High tension in East Flatbush
March 12, 2013 (WABC) -- He was just 16 and he had, like way too many young teenagers of color in New York City, run-ins with the law before. We don't know if he was still in school, but we know that more than one out of two African American boys in New York State do not graduate high school.
That means they don't have the opportunities that graduates do to get higher-paying jobs, and generate tax revenues, as well as social security funds for the rest of us.
Kimani Gray was his name. His friends called him "Kiki." Late Saturday night, two plain clothes New York police officers stopped Gray and a group of teens. The cops say Gray pulled out a gun. They fired.
Police say they recovered the .38 caliber pistol, with four rounds inside. They even showed the picture of it. As evidence of just how tense this case is, Gray's friends say there was no gun. They also say the officers didn't identify themselves as police; police say other witnesses told them they heard the cops say they identified themselves as officers.
Rules on the street are simple: Pull a gun on a cop, and they're going to shoot. That's no secret. But the tensions are rising in East Flatbush, and it shows just how bad relations are between some New Yorkers (a small percentage) and the NYPD.
The policy of stop and frisk, much criticized because of the stats suggesting racial profiling, isn't such a horrible practice; but the way it was conducted some say left much to be desired. What if the NYPD had gone more aggressively into the community to explain why stop and frisk will help make the streets safer? What if the moms were targeted for community relations officers to present their case to in favor of stop and frisk? Would it have made a difference in how the community responded? I don't know, I'm just sayin'.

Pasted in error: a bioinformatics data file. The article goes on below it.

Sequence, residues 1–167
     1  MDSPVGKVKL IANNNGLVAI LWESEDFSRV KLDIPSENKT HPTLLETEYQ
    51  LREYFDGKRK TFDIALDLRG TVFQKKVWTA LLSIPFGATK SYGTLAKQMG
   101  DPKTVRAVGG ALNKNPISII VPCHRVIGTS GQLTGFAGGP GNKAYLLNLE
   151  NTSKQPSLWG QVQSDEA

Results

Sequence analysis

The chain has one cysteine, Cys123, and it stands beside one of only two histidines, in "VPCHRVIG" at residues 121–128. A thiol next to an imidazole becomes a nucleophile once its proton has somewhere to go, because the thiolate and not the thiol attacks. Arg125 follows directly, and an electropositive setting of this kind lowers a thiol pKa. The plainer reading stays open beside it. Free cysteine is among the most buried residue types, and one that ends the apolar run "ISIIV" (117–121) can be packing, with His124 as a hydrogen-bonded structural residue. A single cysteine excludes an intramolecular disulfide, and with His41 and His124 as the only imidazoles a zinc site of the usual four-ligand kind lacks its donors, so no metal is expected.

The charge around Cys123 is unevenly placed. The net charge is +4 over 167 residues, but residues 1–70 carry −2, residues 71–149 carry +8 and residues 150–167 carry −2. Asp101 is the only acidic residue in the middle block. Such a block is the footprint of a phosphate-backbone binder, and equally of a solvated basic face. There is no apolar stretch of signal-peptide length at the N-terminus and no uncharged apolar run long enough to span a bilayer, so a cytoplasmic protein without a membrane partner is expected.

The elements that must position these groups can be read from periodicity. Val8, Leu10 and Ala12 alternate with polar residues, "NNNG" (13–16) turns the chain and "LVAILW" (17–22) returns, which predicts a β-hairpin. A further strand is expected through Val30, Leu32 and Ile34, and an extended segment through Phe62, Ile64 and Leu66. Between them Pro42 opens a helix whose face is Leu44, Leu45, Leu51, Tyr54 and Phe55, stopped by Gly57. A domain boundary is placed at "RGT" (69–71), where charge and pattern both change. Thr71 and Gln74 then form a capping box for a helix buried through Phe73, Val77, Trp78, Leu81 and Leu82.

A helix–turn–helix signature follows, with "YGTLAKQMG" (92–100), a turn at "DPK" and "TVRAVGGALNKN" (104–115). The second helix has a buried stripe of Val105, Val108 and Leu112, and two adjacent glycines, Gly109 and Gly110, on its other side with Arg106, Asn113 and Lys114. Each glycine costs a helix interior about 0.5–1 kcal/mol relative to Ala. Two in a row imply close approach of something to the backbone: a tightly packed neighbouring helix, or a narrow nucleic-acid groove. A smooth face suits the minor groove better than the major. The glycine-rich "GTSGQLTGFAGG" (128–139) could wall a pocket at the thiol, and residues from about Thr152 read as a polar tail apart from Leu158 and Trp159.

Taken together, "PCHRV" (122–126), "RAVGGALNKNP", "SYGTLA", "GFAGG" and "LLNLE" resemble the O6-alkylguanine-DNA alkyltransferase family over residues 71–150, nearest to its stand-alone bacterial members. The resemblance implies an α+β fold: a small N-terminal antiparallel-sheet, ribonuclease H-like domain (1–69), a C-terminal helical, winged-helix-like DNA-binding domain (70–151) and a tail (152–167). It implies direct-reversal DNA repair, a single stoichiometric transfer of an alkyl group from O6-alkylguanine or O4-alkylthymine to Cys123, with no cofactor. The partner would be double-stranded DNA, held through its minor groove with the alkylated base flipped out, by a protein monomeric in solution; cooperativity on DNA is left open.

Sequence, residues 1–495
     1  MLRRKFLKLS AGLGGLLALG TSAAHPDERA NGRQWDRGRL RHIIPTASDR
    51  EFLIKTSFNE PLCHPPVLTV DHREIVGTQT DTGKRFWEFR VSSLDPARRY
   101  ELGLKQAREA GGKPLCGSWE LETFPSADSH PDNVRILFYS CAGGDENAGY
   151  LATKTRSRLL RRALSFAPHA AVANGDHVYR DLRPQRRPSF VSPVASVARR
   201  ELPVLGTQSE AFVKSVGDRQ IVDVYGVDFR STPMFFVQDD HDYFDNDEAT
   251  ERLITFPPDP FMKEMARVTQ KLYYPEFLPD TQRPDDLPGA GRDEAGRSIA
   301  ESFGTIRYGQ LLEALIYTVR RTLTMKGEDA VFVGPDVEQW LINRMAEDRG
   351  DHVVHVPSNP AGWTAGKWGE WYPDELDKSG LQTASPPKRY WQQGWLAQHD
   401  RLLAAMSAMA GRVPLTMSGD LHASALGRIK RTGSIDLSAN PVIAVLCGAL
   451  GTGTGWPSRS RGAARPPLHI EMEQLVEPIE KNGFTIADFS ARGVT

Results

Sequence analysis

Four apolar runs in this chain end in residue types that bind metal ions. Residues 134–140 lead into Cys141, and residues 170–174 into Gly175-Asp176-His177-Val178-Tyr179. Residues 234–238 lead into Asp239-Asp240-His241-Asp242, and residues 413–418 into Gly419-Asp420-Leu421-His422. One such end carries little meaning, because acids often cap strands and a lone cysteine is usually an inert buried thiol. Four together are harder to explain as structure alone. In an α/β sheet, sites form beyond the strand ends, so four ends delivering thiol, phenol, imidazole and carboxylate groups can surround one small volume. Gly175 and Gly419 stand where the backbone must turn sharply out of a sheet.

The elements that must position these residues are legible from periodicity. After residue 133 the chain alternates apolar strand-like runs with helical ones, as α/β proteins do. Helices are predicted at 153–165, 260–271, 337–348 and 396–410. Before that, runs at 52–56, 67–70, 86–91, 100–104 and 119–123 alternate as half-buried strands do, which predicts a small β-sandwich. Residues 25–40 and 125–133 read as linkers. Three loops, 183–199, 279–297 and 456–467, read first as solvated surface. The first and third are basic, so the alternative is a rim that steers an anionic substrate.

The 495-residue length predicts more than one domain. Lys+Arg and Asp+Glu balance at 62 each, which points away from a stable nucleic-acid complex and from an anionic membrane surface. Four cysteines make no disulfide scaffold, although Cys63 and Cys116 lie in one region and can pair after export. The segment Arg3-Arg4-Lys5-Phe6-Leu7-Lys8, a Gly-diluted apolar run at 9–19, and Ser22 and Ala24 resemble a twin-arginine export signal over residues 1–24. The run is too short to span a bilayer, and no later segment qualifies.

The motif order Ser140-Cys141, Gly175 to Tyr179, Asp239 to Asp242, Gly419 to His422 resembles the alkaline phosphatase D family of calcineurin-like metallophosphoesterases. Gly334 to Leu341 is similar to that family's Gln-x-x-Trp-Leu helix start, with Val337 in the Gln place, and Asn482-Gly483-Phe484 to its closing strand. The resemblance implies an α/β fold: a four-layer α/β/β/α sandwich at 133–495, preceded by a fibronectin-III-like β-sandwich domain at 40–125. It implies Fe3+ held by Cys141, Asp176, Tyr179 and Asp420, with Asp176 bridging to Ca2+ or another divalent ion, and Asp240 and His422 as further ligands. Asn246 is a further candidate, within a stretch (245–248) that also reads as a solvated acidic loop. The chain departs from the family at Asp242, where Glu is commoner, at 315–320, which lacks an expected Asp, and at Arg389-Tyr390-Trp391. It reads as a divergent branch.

Tonight, another protest is planned in the aftermath of Gray's killing. Fingers are crossed that it doesn't lead to more violence and another disturbance. Most of the protesters are looking only to do that - protest. But there are many young people there - younger than Kiki Gray - and for them some of this anger has no good way to be exhibited. Some of them took to throwing bottles and trashing a drug store. Like I said, fingers crossed. We're in East Flatbush with the latest, tonight at 11.
Also at 11, our Joe Torres is in Rome, where the world's Catholic Cardinals today voted once and couldn't decide on who will be the next Pope. They're waiting for white smoke to emerge from the chimney above the Sistine Chapel; it was black today.
We'll also have any breaking news of the night, plus Meteorologist Lee Goldberg's AccuWeather forecast, and Rob Powers with the night's sports. I hope you can join Sade Baderinwa and me, tonight at 11.
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